Political Development in Eastern Europe

By Gabriel Almond; Jan F. Triska et al. | Go to book overview

CHAPTER 5
DEVELOPMENT, INSTITUTIONALIZATION, AND ELITE-MASS RELATIONS IN POLAND

Zvi Gitelman

Elite-mass relations are the essence of politics. How elites and masses relate to each other determines the nature of the political system, its institutions, and its modal behavioral patterns. The most common way of differentiating and comparing political systems is to explicitly or implicitly compare their elite-mass relations, and the analysis of political change within a single system most often revolves around a determination of what has changed in the elite-mass relationship.

Elite-mass relations involve a two-way flow of influence, with masses following the lead of elites and elites acting responsively to mass demands. A crucial difference among political systems is the relative weights of influence flows downward (from elites to masses) and upward (from masses to elites), and the way in which these influences are articulated and transmitted. In general, masses follow the lead of elites because elites have power, authority, the ability to mobilize and demobilize masses through a variety of techniques, or combinations of these attributes.1 Power may derive from naked coercion, a concentration of talent relevant to the problems and needs of society, or superior organization. Authority is based on the acquiescence by large strata of society that elites have the right to be obeyed and followed for one reason or another (tradition, charisma, legality-that is, rationality, to cite Weber's wellknown trinity).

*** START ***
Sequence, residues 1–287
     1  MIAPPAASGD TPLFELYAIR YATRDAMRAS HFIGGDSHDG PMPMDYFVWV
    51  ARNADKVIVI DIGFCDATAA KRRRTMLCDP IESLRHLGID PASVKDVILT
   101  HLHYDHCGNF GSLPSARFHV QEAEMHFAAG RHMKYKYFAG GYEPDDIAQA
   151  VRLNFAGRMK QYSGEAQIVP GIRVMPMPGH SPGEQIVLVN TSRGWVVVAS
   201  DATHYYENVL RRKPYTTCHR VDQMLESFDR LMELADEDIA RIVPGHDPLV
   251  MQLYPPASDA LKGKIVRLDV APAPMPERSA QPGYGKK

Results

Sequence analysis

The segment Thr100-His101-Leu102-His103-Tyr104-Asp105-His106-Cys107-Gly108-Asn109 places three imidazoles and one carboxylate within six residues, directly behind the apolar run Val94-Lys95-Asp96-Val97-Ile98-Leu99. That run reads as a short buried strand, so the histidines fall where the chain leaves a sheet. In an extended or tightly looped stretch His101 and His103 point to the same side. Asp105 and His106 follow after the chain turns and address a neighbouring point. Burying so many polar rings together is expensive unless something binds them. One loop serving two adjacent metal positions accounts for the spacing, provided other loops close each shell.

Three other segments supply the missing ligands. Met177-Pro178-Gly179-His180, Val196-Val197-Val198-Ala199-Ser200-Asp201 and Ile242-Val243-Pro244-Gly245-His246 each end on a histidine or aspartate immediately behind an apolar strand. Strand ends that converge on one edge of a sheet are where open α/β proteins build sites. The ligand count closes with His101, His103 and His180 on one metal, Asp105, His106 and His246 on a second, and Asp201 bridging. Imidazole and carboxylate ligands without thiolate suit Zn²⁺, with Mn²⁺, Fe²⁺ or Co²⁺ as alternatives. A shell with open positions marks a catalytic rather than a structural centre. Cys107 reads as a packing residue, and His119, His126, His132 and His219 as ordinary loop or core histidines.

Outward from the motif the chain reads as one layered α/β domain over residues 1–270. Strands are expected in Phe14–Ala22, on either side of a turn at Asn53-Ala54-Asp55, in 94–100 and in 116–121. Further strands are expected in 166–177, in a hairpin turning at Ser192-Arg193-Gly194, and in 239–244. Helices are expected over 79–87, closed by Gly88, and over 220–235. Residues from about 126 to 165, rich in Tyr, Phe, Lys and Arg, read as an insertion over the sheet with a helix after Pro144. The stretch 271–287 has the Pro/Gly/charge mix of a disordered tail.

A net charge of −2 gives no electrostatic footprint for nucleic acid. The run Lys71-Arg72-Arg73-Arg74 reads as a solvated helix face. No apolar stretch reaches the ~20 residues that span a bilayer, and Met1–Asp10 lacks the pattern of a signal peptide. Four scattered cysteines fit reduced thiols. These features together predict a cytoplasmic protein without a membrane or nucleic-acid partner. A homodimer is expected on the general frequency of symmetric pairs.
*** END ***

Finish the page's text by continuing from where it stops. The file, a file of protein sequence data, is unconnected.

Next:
When elites and masses share values, the legitimacy of elite leadership can be established. As Chalmers Johnson points out, "A value structure symbolically legitimates -- that is, makes morally acceptable -- the particular pattern of interaction and stratification of the members of a social system."2 Values are given normative expression in rules and laws. When values are no longer widely shared, or when elite and mass values do not coincide, norms will be challenged. "Since they no longer rest on a solid basis of legitimacy in shared values, norms

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